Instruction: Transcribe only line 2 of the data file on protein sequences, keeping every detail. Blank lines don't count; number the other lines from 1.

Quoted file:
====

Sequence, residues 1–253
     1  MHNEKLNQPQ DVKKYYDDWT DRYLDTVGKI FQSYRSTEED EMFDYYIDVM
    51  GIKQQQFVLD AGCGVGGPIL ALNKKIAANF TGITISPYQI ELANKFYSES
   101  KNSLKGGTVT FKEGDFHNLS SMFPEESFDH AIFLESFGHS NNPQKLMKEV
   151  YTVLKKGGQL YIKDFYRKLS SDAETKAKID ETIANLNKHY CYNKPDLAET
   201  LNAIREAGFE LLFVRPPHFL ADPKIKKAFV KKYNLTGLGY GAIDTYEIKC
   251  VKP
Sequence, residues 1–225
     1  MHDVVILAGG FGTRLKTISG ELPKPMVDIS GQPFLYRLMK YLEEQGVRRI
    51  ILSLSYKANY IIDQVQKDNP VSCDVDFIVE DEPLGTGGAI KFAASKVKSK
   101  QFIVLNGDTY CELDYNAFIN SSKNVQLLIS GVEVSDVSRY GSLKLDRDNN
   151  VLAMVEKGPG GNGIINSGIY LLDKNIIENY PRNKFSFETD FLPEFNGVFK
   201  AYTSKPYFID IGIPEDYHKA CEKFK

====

     1  MHNEKLNQPQ DVKKYYDDWT DRYLDTVGKI FQSYRSTEED EMFDYYIDVM